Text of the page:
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Let $X$ be a metric space. By definition, the sequence of Borel measures $\mu_n$ on $X$ converges weakly to a measure $\mu$, if for all bounded continuous functions $f:X\to\mathbb{R}$ we have $$\int\limits_{X}f\,d\mu_n\to\int\limits_Xf\,d\mu.$$

My question is why this convergence is referred to as a weak one, but not weak*?

In fact, $\mu_n,\mu \in C_b(X)^{*}$, and weak* is exactly what we need! However, the space $C_b(X)$, consisting of all bounded continuous real functions, is usually non-reflexive (I cannot formulate the precise statement immediately, but it is widely known that $C[0,1]=C_b[0,1]$, for example, is not reflexive).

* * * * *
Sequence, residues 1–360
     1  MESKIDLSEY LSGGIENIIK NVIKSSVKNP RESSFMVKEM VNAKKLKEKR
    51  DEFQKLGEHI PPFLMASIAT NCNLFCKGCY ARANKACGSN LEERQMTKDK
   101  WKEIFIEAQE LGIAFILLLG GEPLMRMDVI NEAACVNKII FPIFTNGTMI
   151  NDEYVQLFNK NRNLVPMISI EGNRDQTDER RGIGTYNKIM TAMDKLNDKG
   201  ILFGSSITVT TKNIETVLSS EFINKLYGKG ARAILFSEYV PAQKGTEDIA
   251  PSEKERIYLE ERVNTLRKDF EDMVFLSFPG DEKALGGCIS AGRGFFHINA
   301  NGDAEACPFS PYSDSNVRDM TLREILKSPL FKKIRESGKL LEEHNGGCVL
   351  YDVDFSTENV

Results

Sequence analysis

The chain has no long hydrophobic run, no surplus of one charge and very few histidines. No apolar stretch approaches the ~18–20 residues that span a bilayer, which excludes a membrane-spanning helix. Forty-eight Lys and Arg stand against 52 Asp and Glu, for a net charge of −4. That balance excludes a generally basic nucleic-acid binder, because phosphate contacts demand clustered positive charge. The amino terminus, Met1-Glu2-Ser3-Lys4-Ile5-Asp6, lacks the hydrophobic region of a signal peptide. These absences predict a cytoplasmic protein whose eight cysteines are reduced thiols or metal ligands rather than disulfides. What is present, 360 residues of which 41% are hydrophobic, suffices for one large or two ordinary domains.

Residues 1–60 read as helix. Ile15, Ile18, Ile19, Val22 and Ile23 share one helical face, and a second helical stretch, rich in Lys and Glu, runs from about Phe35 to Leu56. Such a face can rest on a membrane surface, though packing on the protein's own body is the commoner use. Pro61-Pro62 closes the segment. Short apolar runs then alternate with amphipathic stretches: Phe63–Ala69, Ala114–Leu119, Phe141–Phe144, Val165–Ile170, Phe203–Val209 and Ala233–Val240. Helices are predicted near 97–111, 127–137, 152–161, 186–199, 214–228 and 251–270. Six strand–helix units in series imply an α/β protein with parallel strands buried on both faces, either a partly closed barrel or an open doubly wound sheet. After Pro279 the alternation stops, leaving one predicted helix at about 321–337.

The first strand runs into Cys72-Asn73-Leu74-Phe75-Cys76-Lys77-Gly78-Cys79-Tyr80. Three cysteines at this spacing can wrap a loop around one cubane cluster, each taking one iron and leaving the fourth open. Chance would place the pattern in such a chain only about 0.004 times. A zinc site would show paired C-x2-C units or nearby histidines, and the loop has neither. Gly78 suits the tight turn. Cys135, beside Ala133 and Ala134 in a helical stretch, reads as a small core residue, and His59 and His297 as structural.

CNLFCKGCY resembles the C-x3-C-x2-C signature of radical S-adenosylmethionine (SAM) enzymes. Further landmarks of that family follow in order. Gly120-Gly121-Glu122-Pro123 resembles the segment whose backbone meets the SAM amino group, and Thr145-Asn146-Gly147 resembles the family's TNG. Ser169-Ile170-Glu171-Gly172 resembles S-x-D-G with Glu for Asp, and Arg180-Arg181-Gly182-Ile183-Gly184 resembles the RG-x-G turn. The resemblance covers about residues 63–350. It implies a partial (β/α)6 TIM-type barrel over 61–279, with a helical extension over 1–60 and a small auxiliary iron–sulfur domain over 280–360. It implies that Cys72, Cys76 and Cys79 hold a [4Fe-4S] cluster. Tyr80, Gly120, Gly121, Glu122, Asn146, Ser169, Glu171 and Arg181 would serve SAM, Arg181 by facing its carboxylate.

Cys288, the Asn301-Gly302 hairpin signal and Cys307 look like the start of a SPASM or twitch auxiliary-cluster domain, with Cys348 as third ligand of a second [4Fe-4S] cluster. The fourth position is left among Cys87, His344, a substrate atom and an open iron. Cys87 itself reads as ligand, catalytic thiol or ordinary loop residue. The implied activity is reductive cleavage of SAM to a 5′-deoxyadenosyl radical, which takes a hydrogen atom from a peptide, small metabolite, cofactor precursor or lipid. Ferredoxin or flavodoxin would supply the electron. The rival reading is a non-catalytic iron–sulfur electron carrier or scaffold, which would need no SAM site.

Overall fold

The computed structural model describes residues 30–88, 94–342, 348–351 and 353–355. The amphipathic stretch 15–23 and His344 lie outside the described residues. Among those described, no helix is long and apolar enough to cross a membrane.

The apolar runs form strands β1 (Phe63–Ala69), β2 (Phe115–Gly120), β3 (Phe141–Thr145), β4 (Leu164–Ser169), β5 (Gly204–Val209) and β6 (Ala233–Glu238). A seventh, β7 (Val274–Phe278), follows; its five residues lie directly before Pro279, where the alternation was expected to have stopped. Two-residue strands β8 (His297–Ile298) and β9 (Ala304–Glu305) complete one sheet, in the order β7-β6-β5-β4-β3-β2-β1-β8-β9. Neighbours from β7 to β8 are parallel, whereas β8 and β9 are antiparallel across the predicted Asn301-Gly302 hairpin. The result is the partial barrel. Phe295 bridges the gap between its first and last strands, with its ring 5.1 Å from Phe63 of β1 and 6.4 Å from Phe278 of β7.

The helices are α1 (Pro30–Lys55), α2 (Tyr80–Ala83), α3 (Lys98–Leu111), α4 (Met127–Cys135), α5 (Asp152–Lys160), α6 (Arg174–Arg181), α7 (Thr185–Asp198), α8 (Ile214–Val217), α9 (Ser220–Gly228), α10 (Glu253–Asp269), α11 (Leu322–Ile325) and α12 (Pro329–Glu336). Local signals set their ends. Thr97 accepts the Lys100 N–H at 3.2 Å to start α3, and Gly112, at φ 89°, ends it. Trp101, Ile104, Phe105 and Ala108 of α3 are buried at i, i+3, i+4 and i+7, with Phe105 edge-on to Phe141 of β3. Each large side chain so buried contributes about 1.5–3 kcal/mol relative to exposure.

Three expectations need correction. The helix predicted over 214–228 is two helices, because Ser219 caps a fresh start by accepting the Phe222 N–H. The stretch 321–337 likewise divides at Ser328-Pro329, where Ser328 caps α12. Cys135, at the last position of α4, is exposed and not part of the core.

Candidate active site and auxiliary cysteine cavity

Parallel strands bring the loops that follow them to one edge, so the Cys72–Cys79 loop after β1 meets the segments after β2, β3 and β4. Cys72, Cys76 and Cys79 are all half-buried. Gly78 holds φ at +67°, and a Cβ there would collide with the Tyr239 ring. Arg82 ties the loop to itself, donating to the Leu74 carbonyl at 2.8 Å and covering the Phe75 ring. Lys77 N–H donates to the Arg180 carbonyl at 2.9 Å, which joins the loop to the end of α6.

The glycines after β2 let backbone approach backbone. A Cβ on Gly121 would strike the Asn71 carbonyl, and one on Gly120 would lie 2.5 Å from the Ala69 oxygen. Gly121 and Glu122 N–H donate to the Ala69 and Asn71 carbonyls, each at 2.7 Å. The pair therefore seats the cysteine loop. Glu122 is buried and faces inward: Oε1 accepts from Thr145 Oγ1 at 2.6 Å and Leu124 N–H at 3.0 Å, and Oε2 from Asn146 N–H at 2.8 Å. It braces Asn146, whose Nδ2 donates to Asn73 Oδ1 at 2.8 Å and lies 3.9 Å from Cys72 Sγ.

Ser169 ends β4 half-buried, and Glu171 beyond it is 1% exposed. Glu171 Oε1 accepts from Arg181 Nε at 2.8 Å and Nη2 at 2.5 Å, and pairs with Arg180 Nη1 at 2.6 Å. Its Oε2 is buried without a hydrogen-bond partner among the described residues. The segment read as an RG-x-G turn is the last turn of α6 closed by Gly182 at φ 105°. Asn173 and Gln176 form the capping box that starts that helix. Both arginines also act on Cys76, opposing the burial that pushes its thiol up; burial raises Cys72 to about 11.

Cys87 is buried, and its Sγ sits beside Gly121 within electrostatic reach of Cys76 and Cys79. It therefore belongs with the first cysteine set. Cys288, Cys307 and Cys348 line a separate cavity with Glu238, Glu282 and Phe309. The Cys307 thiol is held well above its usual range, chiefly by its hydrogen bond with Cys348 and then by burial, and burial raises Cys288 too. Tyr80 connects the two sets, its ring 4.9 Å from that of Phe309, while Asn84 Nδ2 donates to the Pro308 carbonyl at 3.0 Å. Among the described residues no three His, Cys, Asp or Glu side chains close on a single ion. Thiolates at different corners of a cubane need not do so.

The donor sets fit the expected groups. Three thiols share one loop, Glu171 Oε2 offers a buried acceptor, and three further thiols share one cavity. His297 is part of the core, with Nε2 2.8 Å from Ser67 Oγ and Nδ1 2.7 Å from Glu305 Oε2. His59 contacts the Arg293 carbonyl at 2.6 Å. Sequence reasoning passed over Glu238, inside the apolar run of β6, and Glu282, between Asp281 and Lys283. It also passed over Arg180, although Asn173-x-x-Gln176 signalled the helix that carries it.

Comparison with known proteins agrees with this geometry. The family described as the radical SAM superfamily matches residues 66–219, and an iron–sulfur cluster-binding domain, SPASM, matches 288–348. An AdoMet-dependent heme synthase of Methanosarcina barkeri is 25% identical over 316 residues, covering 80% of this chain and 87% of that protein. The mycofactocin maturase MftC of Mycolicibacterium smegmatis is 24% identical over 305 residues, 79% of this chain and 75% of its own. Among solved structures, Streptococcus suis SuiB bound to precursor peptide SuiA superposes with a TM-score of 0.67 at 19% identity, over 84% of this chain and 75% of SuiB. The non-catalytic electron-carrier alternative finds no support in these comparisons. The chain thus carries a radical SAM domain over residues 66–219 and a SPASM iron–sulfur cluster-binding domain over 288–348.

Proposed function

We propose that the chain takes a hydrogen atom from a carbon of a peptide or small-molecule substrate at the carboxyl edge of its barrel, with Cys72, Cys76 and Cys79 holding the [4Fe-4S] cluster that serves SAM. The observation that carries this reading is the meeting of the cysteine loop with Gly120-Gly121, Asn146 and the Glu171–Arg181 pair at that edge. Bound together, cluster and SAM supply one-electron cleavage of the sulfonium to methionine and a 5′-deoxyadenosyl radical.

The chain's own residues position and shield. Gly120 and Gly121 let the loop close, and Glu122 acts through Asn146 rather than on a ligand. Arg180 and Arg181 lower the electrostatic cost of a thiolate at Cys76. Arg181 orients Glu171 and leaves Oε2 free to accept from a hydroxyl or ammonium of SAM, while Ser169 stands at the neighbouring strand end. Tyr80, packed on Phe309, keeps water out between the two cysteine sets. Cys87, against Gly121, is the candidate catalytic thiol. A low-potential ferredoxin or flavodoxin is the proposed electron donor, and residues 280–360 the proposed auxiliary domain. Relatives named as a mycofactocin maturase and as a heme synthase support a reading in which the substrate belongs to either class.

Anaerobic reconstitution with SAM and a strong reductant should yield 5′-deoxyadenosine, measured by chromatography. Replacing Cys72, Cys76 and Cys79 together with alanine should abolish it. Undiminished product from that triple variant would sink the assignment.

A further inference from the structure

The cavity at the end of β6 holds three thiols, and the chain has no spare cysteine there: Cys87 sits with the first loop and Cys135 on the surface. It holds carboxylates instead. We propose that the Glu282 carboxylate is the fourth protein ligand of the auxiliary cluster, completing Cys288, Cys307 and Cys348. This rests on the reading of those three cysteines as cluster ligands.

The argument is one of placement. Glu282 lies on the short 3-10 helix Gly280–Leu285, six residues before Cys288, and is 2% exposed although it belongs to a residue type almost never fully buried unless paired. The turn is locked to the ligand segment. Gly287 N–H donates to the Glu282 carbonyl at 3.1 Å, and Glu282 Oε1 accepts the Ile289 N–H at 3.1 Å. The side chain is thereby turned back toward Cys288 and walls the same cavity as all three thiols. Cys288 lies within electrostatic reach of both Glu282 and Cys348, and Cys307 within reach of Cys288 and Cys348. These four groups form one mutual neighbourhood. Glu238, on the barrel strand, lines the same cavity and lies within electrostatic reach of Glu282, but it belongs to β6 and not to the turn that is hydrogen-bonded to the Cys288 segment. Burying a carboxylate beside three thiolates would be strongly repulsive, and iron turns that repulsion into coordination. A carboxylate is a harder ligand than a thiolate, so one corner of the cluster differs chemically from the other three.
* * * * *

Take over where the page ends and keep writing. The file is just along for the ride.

Are there any historical reasons for such kind of confusion?

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  • $\begingroup$ From Wikipedia: en.wikipedia.org/wiki/… "In mathematics and statistics, weak convergence (also known as narrow convergence or weak-* convergence, which is a more appropriate name from the point of view of functional analysis, but less frequently used) is one of many types of convergence relating to the convergence of measures. It depends on a topology on the underlying space and thus is not a purely measure theoretic notion." $\endgroup$ – DisintegratingByParts Apr 19 '16 at 18:54
  • $\begingroup$ I would bet that this is due to historic reasons. Maybe the notion of "weak convergence of measures" is older than the weak-* topology on duals of Banach spaces (this was introduced maybe around 1940). $\endgroup$ – gerw Apr 20 '16 at 8:35

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